Police reform negotiators are no longer considering changes to a controversial legal doctrine known as “qualified immunity,” according to three sources familiar with the matter.
Qualified immunity, which shields police officers from civil liability for misdeeds, has remained one of the main points of contention in the police reform negotiations. It being taken off the table could make the final product tough to sell to progressives, who want to see it scrapped altogether and have been outspoken about their demands to change the doctrine. But Republicans have been firm that they have no interest in getting rid of qualified immunity.
And other outstanding issues still remain. The lead negotiators — Sen. Tim Scott (R-S.C.), Sen. Cory Booker (D-N.J.) and Rep. Karen Bass (D-Calif.) — have missed several self-imposed deadlines but are continuing discussions.
Before leaving for recess, Scott hinted the group was working on a “slimmed down version” of their bill, though both he and Booker declined to comment on what could be left out. Even if qualified immunity is removed, there’s no guarantee that negotiators can come to a final deal.
A Republican source with direct knowledge of the talks emphasized that there’s no final agreement yet on qualified immunity.
The negotiators have been going back and forth on their proposals for months without a major breakthrough. The family of George Floyd, a Black man who was killed by a Minneapolis police officer last year, visited lawmakers on Capitol Hill earlier this month in an effort to break the logjam, though senators left for their monthlong recess without a deal in hand.
Civil rights groups including the ACLU blanched at an earlier compromise on qualified immunity floated by Democrats that would have shifted legal liability onto police departments rather than individual officers. The proposal would have mirrored a similar proposal from Scott, but the groups saw it as a codification of the doctrine, rather than the total abolition they wanted.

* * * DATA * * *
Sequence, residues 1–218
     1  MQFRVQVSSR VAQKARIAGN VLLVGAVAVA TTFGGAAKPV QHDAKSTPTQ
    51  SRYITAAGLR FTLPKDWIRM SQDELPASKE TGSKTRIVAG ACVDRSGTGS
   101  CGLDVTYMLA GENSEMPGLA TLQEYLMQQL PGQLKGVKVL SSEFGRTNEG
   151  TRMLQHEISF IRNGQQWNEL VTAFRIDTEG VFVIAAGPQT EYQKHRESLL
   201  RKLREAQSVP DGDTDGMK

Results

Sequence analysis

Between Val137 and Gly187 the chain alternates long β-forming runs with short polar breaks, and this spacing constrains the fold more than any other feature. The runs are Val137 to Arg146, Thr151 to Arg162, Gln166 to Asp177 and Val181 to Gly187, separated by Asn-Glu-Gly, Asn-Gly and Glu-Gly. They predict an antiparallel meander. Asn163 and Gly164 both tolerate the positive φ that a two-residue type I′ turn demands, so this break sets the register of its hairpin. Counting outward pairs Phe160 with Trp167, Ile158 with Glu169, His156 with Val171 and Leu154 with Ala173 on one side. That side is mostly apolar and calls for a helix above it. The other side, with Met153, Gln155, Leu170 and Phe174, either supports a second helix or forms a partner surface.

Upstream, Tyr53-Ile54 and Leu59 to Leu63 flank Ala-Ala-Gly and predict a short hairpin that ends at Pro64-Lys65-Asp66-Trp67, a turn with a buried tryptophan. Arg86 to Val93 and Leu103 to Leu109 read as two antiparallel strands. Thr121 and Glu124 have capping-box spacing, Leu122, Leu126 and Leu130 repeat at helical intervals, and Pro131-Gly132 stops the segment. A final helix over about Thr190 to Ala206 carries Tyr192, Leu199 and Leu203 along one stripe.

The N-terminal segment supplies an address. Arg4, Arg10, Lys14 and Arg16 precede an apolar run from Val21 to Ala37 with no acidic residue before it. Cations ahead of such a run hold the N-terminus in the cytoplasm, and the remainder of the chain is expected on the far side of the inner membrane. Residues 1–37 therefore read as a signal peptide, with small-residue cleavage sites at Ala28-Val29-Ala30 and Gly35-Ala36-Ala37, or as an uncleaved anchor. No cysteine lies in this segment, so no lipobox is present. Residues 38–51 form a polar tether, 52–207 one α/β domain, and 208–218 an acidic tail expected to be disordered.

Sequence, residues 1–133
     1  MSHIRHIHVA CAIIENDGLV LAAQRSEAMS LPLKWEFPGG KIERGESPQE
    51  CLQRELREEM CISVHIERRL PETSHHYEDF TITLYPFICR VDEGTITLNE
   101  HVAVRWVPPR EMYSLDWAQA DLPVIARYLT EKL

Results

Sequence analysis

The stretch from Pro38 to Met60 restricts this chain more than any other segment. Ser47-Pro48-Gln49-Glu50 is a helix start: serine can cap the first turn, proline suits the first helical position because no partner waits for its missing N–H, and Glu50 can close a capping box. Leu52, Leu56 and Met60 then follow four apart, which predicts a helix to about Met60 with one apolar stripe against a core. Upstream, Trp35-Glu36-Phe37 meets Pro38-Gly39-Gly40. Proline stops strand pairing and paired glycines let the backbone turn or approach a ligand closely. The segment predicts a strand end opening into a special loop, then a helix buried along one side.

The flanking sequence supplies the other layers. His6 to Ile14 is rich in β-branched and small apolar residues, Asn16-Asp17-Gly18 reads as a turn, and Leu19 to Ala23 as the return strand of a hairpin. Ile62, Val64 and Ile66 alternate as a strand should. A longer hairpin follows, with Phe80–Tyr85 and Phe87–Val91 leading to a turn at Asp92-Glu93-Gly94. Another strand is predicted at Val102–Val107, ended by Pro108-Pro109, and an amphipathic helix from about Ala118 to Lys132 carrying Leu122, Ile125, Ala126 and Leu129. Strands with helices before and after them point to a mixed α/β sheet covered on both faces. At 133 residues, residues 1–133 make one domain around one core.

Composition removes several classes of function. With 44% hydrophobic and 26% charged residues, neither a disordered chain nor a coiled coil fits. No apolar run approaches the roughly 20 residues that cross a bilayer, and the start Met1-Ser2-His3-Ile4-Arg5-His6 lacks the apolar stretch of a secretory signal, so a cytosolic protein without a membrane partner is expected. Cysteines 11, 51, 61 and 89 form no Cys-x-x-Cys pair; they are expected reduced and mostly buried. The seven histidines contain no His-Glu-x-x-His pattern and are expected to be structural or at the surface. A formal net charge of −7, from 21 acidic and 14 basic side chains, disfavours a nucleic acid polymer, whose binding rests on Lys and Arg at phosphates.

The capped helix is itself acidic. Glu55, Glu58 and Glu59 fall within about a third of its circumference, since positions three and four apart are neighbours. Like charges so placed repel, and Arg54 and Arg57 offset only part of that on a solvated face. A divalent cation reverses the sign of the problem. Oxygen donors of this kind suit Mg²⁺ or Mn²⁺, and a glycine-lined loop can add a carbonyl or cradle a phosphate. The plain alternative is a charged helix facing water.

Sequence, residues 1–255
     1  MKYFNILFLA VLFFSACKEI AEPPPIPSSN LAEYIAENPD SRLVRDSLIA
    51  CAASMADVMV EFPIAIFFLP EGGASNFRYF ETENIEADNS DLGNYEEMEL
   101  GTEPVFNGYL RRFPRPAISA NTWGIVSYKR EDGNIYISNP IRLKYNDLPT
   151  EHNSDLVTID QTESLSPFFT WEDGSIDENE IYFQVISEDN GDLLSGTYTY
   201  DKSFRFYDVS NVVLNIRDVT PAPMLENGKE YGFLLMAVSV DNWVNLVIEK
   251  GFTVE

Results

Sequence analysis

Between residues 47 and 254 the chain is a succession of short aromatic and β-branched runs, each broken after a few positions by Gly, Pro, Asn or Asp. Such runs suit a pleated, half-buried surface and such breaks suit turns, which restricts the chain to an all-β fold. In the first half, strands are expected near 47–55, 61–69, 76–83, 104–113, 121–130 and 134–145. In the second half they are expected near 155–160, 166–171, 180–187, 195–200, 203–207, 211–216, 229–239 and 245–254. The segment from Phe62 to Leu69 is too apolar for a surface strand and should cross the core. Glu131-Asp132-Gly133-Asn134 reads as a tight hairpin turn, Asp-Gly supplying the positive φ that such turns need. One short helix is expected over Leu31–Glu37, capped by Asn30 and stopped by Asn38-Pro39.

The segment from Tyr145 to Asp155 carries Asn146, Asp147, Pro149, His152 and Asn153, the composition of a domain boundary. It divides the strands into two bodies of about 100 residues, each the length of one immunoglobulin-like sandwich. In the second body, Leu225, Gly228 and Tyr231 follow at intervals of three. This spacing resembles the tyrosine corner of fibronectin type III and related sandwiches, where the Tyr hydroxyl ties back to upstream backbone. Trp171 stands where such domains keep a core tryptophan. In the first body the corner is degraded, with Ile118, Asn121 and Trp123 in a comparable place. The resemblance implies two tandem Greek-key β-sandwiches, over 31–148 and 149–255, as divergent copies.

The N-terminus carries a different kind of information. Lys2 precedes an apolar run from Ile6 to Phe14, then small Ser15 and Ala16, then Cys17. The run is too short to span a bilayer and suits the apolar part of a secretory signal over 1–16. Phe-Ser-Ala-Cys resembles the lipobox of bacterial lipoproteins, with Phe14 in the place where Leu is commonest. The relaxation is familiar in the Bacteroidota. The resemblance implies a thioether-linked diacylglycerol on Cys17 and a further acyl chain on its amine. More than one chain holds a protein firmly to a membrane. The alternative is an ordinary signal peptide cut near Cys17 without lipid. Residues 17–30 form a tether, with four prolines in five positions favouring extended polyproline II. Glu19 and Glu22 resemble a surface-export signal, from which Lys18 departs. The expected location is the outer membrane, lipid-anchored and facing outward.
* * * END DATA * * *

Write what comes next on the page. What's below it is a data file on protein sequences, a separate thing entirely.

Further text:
It is unclear if a police reform proposal without changes to qualified immunity could pass the House, where progressive Democrats like Rep. Cori Bush (D-Mo.), a former Black Lives Matter activist, have called the removal of qualified immunity a redline.
“We compromise, we die,” Bush has said.
But some Democrats, including House Majority Whip Jim Clyburn (D-S.C.) have suggested that they’d be open to police reform legislation that didn’t get rid of qualified immunity. He, along with other Democrats, have argued that some progress on negotiations is better than nothing. But progressives make up a substantial voting bloc of the House, where Democrats can only lose three votes absent Republican support.
While negotiators missed another summer deadline, Booker has stressed that time limits are not useful for achieving a deal. Caroline Anderegg, a Scott spokesperson, said in a statement that “the senator will stay at the negotiating table as long as progress is being made” and that negotiators “will continue to work through August toward finding an agreement.”
President Joe Biden earlier this year called on Congress to reach an agreement on police reform by the anniversary of Floyd’s death, May 25. And the House in March passed a sweeping police reform bill named after Floyd, but the legislation has no chance of getting the 10 GOP votes needed to overcome a filibuster.
Republicans objected to the bill’s provisions ending qualified immunity, lowering the threshold for prosecuting officers and conditioning police funding on reforms, among other provisions. Scott also introduced his own police reform bill last year, but Democrats blocked it on the Senate floor, arguing the legislation did not go far enough.